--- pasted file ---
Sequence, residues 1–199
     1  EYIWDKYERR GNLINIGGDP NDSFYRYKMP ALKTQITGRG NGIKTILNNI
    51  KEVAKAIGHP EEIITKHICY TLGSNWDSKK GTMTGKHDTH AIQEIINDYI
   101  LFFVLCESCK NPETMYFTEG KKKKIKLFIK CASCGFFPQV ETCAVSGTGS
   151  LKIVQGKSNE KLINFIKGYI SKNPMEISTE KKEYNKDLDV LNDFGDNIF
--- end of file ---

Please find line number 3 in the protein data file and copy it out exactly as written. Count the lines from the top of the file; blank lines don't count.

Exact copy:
    51  KEVAKAIGHP EEIITKHICY TLGSNWDSKK GTMTGKHDTH AIQEIINDYI